One thing that could be helpful is creating for yourself a different type of goodies bag. Grab and envelope and some pieces of paper, and write down all the things you like to do that make you feel good without food. Put them all in the envelope and store in an easy-to-find place. Use the goodies bag as a lucky dip next time you feel a binge about to happen, and fully commit yourself to the activity you have selected. You will be surprised how fantastic this one actually is! Remember to choose activities that soothe you, and nurture you, as you do not want anything too stressful that could compound on the mental/emotional stress you are already feeling.
3. Have some fat
This might sound like an odd solution, but having a spoon of fat such as coconut oil and waiting for 15 minutes is a great way to deter a binge, whilst also blunting the hunger pains you may experience when you’re feeling down. Fat is very satiating, and is also a great mood elevator. You will find that you may not feel the desire to eat after, and you are able to more clearly deal with your binge trigger issue.
4. Practice Mindful Eating
It is not always the case that when we binge, we know exactly what we are doing. It is sometimes the case that you feel as though you black-out, only to return to consciousness when the damage is already done. One way to deal with this is to practice mindful eating. This can be achieved by making sure you eat with no other distractions around (i.e. at the dinner table) and by focusing on the food you are consuming. What does the food feel like? Look like? Smell like? What is the texture like in your mouth? Is it salty? Is it sweet? How does the texture change when you chew? Are there any sounds? By sitting down and paying attention to every bite you take, you consciously have to be in the moment. This could prevent a binge from occurring as you are forced to recognise every morsel you consume.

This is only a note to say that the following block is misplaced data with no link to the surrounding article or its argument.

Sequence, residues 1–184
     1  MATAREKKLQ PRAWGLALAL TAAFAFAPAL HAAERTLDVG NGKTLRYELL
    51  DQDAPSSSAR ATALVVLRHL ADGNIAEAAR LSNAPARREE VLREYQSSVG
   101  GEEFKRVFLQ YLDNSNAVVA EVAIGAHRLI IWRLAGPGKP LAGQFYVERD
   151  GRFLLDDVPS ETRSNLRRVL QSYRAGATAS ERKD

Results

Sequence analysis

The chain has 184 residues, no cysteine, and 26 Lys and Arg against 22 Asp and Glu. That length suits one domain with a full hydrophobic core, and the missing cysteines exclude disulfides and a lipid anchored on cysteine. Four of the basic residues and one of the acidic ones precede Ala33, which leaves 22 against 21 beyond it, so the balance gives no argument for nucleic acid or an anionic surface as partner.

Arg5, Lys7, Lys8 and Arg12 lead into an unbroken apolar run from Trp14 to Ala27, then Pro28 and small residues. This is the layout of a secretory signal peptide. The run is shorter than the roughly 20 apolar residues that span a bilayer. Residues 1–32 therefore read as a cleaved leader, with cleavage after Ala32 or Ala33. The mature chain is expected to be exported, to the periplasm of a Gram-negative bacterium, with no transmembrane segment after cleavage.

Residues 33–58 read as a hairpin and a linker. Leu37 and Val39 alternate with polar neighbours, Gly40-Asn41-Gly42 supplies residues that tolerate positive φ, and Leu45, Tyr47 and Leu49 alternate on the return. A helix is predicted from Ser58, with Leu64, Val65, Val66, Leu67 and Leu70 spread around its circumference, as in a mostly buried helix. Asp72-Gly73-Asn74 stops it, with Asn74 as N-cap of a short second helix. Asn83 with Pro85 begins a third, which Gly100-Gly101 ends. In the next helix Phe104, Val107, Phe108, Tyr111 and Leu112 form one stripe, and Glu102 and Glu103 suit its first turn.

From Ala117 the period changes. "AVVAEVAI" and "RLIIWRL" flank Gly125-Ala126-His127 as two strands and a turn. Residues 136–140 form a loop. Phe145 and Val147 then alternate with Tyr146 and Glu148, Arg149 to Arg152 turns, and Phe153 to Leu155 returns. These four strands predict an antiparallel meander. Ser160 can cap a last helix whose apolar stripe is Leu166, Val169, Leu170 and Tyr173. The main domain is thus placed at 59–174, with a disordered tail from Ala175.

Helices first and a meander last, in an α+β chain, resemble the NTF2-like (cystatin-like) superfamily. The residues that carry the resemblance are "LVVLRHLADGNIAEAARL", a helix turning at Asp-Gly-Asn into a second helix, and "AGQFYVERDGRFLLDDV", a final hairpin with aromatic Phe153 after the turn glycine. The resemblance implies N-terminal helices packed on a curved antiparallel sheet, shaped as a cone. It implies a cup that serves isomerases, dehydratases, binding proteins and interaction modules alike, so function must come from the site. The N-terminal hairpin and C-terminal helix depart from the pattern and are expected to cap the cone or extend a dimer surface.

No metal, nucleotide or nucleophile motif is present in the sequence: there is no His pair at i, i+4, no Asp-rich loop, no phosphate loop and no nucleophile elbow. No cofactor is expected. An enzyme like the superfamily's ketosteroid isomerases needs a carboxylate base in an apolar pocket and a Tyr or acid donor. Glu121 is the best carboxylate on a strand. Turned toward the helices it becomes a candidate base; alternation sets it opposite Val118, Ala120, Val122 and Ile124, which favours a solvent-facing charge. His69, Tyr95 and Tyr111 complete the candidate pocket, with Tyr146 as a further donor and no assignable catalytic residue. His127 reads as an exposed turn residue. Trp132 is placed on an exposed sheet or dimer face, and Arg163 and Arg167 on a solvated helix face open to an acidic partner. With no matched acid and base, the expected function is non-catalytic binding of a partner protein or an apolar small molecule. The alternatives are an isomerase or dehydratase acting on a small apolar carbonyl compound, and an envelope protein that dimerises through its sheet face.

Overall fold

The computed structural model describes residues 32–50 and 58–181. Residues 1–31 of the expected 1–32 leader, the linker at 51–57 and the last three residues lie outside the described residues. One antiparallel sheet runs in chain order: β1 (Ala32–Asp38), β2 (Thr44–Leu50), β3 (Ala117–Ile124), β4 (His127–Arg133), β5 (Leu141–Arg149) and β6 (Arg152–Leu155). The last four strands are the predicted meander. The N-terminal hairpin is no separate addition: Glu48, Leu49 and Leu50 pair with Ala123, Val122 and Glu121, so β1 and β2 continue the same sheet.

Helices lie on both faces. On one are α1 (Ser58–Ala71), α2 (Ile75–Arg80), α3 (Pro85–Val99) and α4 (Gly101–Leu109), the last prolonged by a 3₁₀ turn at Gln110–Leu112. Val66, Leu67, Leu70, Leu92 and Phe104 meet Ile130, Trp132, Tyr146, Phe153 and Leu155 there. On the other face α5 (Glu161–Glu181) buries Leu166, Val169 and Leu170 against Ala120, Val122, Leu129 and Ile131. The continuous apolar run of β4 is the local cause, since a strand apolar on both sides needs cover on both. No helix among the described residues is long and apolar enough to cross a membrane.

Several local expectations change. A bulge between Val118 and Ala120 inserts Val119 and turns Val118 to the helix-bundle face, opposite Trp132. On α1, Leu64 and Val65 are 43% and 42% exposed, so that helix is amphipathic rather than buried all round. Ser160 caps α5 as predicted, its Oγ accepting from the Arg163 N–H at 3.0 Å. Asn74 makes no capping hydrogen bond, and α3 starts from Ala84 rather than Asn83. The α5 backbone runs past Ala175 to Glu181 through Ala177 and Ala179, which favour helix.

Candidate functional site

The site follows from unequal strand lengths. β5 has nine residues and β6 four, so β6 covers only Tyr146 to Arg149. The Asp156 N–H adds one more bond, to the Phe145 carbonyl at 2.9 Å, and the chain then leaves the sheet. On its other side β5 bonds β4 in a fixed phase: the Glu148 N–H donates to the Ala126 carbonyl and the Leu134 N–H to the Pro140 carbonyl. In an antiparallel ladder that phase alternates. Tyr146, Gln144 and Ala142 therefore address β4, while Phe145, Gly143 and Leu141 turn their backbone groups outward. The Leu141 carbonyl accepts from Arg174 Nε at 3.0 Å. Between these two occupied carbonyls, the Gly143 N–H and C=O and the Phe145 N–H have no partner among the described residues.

5. Deal with your triggers
Dealing with the trigger to your binges is the ultimate way to prevent binges from happening in the future. It is important to understand why it is you binge in the first place, and learn to address the issue through other means. If you feel that you are unable to deal with the problem alone then it is imperative you speak to someone, or get some professional help. There are as many reasons why binges occur, as there are people in the world. It is a very individual and sensitive subject, but if you can deal with it now, you could be well on your way to a binge-free life. Sounds liberating, doesn’t it?
Binge eating disorders can be very serious and very scary. It is hard to recognise that you may have a problem, but I can promise there is no point being afraid or ashamed. We all have our demons. It is better to deal with them sooner rather than later. If you feel you or someone you know have a problem with binge eating, I have to urge you to speak to someone about it. It can be terrifying approaching a parent, so perhaps a healthcare professional. And know, that if you ever need someone to talk to, Justin and I are here too!
I hope you have learnt a little from this very brief introduction to the binge eating cycle. There are so many great resources available if you want further information. Below are a list of sites and books where you can start. Feel free to leave a comment on how you deal with, or have overcome a binge eating disorder. Your guidance and support may just help others!